1. Kevin Richey’s Zombie Fairy Tales: “Kevin Richey’s Zombie Fairy Tales are a monthly series of short stories set in a dark fairy tale universe plagued by zombies. Surreal and full of black humor, installments feature familiar childhood characters as they encounter a world of stark violence and horror — Cinderella is worked to death before the ball, Pinocchio is made from children’s corpses, and Little Red Riding Hood finds more than wolves in the forest. New titles will appear on the 13th of each month throughout 2012. The series features overlapping elements, characters, and places for a more immersive experience for the dedicated fan, but can also be read as stand-alone entries in any order.”
2. Little Red Riding Hood: A Zombie Fairy Tale GAME: “Little Dead Riding Hood is a racing game. Each player assumes the role of one of the Riding Hood sisters trying desperately to get supplies to their beloved grandmother. Simple really, except for those pesky zombie wolves.” (I’m not sure why the wolves need to be zombies and not just, you know, wolves, but there you have it!)
3. Snow White and the Seven Dead Dwarves: A Zombie Fairytale: “Fast-paced and violent with a lot of zombie carnage (seriously; A LOT) make SNOW WHITE AND THE SEVEN DEAD DWARFS a really fun read.”
4. Zombie Fairy Tale Theater: A hilarious and charming new webseries “Zombie Fairytale Theater”; where the zombies tell the stories. You can view the series HERE. (Yes, I used the words ‘hilarious’ and ‘charming’ with regard to zombies. I don’t know either.)
5. Zombie Fairy Tales by Jill Myles: “Collected here are 7 short, slightly twisted fairy tales retold from a zombie perspective. What if Cinderella had been undead when she went to the ball? What if Little Red Riding Hood went to Grandma’s house to eat her?”
6. A Very Zombie Fairy Tale! A play in Dublin that seems to have already run, but deserves a mention anyway due to it’s description: Zombies! Puppets! Musical Numbers! True Love! Sounds like a hoot, don’t you think?
7. Call for Fairy Tale Zombies Submission from Entangled in Romance: The deadline for it was summer 2012, so if you’ve got the sweetest, hottest zombie fairy tale romance sitting on your hard drive, alas you are too late. But! Surely the books or anthology should be available for purchase soon since the deadline for submission was last summer, right? Keep an eye out for it!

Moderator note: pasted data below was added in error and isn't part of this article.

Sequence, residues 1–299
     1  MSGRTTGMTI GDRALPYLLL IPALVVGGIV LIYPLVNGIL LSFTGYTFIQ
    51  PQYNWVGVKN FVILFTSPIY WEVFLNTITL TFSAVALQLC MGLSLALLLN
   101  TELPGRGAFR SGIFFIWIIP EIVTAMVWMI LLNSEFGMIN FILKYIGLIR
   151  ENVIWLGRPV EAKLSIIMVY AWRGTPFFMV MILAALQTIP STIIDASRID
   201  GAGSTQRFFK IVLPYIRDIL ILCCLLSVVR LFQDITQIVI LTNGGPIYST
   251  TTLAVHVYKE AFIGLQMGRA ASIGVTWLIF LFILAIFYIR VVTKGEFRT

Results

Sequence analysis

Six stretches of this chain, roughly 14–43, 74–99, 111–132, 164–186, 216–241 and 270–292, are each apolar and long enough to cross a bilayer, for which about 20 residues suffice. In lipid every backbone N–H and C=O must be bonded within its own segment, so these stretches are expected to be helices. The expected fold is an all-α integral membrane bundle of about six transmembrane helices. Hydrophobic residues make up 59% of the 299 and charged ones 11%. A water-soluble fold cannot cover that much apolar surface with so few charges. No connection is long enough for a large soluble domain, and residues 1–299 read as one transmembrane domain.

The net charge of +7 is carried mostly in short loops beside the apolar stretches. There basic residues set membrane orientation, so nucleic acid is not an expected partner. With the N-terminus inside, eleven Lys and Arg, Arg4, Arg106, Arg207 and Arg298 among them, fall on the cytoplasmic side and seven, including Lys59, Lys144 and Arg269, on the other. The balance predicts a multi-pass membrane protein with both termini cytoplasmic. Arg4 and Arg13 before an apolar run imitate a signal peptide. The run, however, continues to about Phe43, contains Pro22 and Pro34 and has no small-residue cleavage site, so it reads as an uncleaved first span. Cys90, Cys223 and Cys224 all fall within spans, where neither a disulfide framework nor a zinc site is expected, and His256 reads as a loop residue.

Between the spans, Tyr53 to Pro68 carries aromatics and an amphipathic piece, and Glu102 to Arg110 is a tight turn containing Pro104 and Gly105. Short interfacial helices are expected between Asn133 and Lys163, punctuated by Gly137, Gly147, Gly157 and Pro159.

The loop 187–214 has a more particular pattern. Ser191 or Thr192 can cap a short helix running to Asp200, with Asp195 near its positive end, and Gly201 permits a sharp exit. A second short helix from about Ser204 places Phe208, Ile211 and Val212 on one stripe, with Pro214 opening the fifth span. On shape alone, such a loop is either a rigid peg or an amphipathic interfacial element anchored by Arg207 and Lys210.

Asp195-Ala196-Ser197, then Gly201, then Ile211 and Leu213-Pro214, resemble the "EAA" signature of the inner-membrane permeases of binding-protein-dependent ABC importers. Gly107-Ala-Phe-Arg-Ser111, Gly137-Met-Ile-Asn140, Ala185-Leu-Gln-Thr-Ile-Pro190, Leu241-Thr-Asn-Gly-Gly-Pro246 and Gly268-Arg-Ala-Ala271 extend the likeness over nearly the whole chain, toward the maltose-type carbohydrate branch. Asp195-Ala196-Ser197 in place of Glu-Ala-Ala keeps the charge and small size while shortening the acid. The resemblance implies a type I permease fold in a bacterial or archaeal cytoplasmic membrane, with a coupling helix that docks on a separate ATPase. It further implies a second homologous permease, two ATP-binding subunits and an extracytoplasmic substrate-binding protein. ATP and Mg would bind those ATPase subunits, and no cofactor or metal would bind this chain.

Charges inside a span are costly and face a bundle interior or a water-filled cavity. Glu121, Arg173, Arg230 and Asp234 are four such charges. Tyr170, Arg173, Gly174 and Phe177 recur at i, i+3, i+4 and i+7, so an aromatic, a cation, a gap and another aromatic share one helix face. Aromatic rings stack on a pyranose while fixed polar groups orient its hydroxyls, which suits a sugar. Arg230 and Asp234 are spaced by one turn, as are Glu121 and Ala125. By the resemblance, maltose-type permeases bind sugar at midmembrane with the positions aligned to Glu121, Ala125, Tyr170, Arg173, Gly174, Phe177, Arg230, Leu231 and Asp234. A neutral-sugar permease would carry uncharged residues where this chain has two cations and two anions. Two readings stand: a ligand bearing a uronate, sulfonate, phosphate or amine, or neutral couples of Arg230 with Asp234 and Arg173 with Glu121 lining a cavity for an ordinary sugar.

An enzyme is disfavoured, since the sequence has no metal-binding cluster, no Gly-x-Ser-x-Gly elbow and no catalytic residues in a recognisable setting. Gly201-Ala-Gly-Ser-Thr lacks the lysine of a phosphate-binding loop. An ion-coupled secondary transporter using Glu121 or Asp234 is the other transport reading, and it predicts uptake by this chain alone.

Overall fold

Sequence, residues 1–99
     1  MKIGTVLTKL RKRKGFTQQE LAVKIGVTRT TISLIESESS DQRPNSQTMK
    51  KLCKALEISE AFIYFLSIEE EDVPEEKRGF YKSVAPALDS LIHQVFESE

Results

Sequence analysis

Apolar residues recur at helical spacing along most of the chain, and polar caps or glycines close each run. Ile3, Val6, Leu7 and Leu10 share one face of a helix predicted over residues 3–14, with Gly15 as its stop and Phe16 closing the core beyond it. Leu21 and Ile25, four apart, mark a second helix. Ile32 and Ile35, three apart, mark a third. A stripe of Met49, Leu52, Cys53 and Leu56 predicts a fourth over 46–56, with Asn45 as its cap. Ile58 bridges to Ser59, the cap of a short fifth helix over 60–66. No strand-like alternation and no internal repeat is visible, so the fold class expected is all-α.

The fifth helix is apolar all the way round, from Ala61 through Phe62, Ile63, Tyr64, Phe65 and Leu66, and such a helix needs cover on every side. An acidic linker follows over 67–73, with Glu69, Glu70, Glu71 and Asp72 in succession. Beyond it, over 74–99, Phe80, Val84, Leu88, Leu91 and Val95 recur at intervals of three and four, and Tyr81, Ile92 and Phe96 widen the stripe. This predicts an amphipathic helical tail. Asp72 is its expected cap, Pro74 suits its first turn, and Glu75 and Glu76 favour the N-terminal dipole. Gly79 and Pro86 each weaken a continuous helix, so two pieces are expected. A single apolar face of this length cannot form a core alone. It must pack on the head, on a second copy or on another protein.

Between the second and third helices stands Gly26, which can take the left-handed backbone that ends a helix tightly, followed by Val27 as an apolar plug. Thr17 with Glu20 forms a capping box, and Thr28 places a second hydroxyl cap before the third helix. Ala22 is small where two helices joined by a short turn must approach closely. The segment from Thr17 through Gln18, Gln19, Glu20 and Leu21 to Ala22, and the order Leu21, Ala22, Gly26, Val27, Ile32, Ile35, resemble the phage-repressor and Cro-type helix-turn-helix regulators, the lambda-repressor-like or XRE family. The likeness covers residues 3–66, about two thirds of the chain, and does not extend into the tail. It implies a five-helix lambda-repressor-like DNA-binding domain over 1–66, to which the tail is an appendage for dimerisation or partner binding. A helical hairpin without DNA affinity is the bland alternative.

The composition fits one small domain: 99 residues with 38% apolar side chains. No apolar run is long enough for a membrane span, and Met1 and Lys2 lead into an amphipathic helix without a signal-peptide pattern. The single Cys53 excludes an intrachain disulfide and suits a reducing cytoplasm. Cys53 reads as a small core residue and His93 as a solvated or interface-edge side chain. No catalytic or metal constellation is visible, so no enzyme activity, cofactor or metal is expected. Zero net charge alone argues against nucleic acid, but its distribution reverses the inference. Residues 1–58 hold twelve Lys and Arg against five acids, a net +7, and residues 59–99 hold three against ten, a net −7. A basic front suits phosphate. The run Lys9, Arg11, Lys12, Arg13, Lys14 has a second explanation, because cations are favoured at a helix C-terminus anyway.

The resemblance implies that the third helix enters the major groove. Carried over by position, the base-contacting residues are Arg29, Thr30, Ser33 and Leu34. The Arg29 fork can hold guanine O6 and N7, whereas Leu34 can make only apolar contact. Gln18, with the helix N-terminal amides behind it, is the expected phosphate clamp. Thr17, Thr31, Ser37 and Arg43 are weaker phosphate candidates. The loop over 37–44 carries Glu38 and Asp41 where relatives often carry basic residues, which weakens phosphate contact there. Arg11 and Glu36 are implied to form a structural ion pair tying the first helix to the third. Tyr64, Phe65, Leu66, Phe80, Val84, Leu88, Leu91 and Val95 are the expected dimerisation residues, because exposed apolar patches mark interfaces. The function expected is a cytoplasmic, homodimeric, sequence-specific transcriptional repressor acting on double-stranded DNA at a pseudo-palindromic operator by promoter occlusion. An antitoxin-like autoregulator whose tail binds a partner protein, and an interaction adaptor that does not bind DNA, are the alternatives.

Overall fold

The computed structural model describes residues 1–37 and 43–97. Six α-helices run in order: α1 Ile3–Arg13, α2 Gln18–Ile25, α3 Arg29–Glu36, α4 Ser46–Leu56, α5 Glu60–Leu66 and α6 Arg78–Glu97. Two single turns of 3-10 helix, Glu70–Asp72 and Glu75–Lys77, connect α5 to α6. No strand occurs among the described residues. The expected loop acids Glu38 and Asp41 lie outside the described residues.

Keira Andrews and Leta Blake write fairy tale inspired m/m erotica and romantica with Ellora’s Cave. Check out Ascending Hearts, available through Ellora’s Cave, Amazon, Barnes & Noble, Sony, and others! And also remember to look at Earthly Desires, the first book in the Tempting Tales series, available for purchase at Amazon, Barnes and Noble, and Ellora’s Cave.
“It’s the most wonderful time of the year!” I love Christmas. I love buying presents and seeing my children’s eyes light up. I could do without the endless TV adverts, but that’s what the mute button is for, right? 😀
Christmas is also an excuse for me to roll out all my cranberry recipes. I love cranberries. I love the colour, the smell, the taste and will add them to every thing going, be that drinks, dinner sauces or desserts. So today I’m sharing a recipe I found last year for a Cranberry Upside Down Cake that makes a great centrepiece alternative to Christmas Pudding (a good thing since I’m very allergic to nuts) and it serves up to 12 people, so it’s good for big get-togethers!
- 110g butter
- 300g caster sugar
- 2 tablespoons water
- 1 teaspoon ground cinnamon
- 350g fresh or frozen cranberries
- 225g self-raising flour
- 1/2 teaspoon bicarbonate of soda
- 1/2 teaspoon salt
- 6 tablespoons butter, softened
- 100g caster sugar
- 110g brown sugar
- 2 eggs
- 1 teaspoon vanilla extract
- 175ml soured cream
- Preheat the oven to 180 C / Gas 4. Generously grease a 23cm springform cake tin. Wrap aluminium foil around the outside of the bottom to prevent leaking.
- Melt the butter in a saucepan over medium heat. Stir in 300g caster sugar, water and cinnamon until sugar has dissolved. Bring to the boil and then add the cranberries. Stir to coat with the sauce, then pour into the prepared tin.
- Sift together the flour, bicarbonate of soda and salt; set aside. In a medium bowl, beat the remaining 6 tablespoons of butter with 100g caster sugar and brown sugar until light and fluffy. Mix in the eggs one at a time, beating well after each addition. Stir in vanilla and soured cream. Mix in the dry ingredients. Pour the mixture over the cranberries in the tin.
- Bake for about 50 minutes in the preheated oven, or until a knife inserted into the centre comes out clean. Cool on a rack for 10 minutes, then run a knife around the outer edge. Invert onto a serving plate and remove the springform tin.
I tend to hold back a little of the sauce and then brush the cake once it’s cooled just to give it a fresh, glazed look. I’ve also halved the ingredients and made separate servings in ramkin bowls. Happy Christmas!
Misa Buckley is a sci fi geek who escapes the crazy of raising five children by creating imaginary characters who experience adventure, romance and really hot sex on their way to a happily-ever-after. You can keep up to date with Misa’s latest news by following her on Twitter or at her website.